Thursday, November 17, 2011

Thanksgiving- Turkey? or Tree Ripened Fruit?

Here in America we have an interesting holiday called Thanksgiving, which I feel illustrates our attitude towards food and appetite quite nicely. On Thanksgiving, we starve ourselves all morning in anticipation for the yearly feast, usually ready between 1 and 4pm, and then we eat until we can't eat any more, capping off the day by dozing off in front of the television. Ironically, that last bit usually occurs while viewing a sports game, dazedly staring at muscular, fit athletes working up a sweat on the field. But we don't just stuff ourselves, we concentrate our efforts by eating the absolute worst foods available- bird flesh dripping with it's own bubbling fat stores (hello, carcinogens), soggy stovetop bread, canned gelatinous cranberry sauce, and if you're lucky, a few poor green beans and sweet potatoes that have been boiled down and baked until there's hardly any nutrition left to them. Ah....America.

In recent years I've enjoyed a nice Tofurkey or Quorn roast in the midst of our large traditional Thanksgiving, and every year it's met with the same upturned noses and reluctant taste tests from family and friends. Hey, I think they taste pretty good, but I used to think that about the yearly Thankgiving binge-fest, as well. Why do we continually perpetuate disordered eating? I understand that throughout history we've celebrated a harvest or a time of bounty by eating plenty when we could, but those days are long gone here in America, and trust me when I tell you that this is the LAST COUNTRY ON EARTH that needs a holiday centered around food. Food is available. There are no more nationwide food shortages at the moment. The highest percentage of Americans have never harvested a thing in their lives.

My Mom always says "Everything in moderation" in defense of the Thanksgiving menu, but I've recently come across an interesting quote that has me thinking twice about this tired old adage:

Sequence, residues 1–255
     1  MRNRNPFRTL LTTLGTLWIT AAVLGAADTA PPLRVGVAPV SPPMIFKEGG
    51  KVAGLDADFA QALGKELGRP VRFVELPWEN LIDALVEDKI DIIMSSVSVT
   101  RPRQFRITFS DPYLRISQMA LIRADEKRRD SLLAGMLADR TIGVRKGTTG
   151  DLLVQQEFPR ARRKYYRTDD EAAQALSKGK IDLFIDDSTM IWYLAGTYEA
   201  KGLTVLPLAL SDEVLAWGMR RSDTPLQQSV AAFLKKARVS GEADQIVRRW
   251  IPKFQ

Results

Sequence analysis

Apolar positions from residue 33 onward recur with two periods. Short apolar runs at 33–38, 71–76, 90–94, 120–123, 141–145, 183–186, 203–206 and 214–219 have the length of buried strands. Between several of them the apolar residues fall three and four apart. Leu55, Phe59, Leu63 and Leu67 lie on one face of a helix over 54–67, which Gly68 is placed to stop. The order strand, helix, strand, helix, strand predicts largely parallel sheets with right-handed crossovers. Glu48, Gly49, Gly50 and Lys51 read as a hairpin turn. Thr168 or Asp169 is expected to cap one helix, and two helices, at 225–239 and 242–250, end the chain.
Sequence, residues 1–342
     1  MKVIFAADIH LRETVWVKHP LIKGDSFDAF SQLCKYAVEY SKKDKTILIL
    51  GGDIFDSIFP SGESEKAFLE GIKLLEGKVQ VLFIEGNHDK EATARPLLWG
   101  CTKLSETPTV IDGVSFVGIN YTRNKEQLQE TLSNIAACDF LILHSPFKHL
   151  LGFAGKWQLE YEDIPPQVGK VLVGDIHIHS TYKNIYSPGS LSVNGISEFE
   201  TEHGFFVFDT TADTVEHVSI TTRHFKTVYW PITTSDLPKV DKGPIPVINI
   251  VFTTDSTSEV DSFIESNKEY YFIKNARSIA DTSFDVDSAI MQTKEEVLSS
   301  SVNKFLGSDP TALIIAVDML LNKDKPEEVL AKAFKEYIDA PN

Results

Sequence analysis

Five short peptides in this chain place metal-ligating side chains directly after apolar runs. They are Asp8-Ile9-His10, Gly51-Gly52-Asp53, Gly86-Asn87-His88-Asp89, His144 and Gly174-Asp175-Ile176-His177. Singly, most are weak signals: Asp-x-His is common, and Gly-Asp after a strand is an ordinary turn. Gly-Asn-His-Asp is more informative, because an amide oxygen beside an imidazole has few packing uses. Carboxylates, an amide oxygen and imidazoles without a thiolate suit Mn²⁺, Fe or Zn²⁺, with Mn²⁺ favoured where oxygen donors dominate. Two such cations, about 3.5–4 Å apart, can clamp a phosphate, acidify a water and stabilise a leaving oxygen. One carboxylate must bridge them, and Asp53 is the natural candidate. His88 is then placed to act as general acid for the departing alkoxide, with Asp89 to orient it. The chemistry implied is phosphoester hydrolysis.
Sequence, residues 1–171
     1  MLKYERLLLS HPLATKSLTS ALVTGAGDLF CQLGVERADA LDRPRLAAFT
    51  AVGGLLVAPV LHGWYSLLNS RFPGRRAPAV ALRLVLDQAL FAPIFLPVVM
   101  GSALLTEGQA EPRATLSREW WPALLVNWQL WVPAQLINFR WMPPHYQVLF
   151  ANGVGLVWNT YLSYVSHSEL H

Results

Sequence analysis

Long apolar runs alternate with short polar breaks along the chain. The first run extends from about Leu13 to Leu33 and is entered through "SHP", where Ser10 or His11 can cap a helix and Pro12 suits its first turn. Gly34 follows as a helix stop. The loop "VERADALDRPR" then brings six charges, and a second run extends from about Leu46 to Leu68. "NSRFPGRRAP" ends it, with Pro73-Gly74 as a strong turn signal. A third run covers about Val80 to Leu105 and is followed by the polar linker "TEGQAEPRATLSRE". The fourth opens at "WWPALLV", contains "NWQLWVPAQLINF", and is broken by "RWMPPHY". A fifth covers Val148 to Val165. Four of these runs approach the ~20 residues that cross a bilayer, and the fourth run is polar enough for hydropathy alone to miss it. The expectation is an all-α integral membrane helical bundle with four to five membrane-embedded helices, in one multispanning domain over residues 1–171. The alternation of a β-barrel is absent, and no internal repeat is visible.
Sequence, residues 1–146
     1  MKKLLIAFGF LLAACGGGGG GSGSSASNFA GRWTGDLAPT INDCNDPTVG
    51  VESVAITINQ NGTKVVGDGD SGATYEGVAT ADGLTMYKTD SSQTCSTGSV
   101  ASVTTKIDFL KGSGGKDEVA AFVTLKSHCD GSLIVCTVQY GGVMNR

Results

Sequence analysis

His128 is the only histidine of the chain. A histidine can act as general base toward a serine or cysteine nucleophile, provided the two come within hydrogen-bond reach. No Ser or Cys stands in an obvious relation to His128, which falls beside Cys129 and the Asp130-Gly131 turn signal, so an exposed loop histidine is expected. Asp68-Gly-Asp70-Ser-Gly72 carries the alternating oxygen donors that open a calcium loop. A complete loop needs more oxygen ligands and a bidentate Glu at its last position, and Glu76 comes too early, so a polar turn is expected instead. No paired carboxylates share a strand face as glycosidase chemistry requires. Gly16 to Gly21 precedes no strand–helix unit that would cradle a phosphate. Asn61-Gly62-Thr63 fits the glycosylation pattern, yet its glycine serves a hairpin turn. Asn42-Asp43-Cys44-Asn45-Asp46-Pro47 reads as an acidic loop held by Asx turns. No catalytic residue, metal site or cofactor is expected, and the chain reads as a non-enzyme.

"Moderation? It's mediocrity, fear, and confusion in disguise. It's the devil's dilemma. It's neither doing nor not doing. It's the wobbling compromise that makes no one happy. Moderation is for the bland, the apologetic, for the fence-sitters of the world afraid to take a stand. It's for those afraid to laugh or cry, for those afraid to live or die."
~ Dan Millman

And of course, I can't forget the simply fabulous Oscar Wilde, who thought similarly:

“Everything in moderation, including moderation.”

I don't think that unhealthy food in moderation is sensible. Moderation has become an easy way out, a cultural excuse to have that extra brownie when no one is looking. Is gorging once a year on fatty, boiled, dead foods any different than a once a year drinking binge? Poison is poison- end of story. Many people justify a weekly treat like an ice cream or a doughnut as a reward, and this behavior is not only popular, it is promoted by health authorities! But who could justify a weekly cigarette? And why draw the line there? 

So, throw caution to the wind and eat your fill of all the natural foods you care for. Go ahead- have that extra banana! It's Thanksgiving, and you've been good all year. Get another plateful of pineapple. You deserve it. Don't compromise your beliefs for the sake of "moderation". Go big, or go home.

No comments:

Post a Comment